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Xuelong (Snow Dragon) departing on an Arctic expedition. China is planning to build a new expedition research icebreaker vessel in addition to Xuelong, which traversed the Arctic for the country's fifth North Pole expedition. Provided to China Daily
Melting Arctic ice has broad implications for the world, reminding people of the serious nature of global warming. Environmentalists regard the region as the last frontier of unmolested natural tranquility and are trying to protect it from exploitation by business. Det Norsk Veritas / for China Daily
But cold comfort for those who expect results in the short term in tough terrain
The Arctic is no virgin. As early as 1920, the first onshore oil wells were dug in Canada's Mackenzie River valley. Since then more than 400 oil and gas fields have been discovered in the Arctic region. However, thanks to the harsh environment and high operational costs, progress for both oil and gas and shipping industries there has been slow.
A warmer Arctic, where melting sea ice clears sea routes, allowing more traffic and construction for better infrastructure, is certainly more inviting. And this is exactly what is happening. Since 1951 the Arctic has warmed twice as fast as the rest of the world. During this period, the temperature in Greenland rose by 1.5 C, compared with a global average of 0.7 C, research data shows. Evidence also demonstrates that the discrepancy is likely to continue.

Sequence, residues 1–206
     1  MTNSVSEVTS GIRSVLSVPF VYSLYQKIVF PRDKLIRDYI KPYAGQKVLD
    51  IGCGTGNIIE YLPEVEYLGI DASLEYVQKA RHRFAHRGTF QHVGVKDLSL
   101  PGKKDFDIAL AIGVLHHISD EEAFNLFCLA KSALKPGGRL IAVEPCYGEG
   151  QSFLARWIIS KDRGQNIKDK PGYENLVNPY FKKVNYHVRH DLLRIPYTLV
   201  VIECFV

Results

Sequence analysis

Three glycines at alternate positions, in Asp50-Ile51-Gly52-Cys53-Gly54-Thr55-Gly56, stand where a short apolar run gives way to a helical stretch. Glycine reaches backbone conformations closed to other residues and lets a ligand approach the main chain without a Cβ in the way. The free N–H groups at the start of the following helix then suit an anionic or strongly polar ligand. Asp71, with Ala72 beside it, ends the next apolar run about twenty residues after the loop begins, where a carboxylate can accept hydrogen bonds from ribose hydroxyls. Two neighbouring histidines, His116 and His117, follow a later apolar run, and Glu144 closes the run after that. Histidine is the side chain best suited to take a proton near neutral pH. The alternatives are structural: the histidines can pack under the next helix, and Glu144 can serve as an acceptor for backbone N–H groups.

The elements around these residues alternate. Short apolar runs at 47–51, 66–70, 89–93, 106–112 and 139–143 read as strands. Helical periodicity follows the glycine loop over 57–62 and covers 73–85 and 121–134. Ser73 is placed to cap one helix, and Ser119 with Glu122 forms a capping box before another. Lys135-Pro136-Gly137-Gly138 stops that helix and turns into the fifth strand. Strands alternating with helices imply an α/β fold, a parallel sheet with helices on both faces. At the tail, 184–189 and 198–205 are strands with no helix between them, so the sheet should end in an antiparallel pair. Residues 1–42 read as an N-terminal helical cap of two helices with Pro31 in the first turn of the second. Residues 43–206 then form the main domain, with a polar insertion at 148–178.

Glaciers and ice sheets in the region, as a result, have been receding. The minimum ice-covered area in the Arctic occurred in September. It has been shrinking at a pace of 10 percent every 10 years on average in recent decades, according to a report released by the Norwegian risk management and classification society Det Norsk Veritas.
Reminding the world of the serious nature of global warming, the melting Arctic ice has broad implications. Environmentalists regard the region as the last frontier of unmolested natural tranquility and try to protect it from exploration by companies. Meanwhile politicians in the Arctic states are debating the participation of non-Arctic countries in the region's issues, especially China, whose movements now give rise to fears and concerns in the international community, thanks to its rising economic status in recent decades.
To many Arctic observers, this is indeed a worrying scenario. On Sept 17 last year, the ice sheet in the Arctic Ocean diminished to an area of 3.41 million square kilometers, half of the minimum area in 1979, research data shows. Moreover, as the sheet becomes thinner and smaller, the volume of sea ice has melted even faster, shrinking to only a quarter of what it was in 1979. "If this trend continues, the Arctic Ocean might be nearly ice-free in late summer within the next decades," the Det Norsk Veritas report said.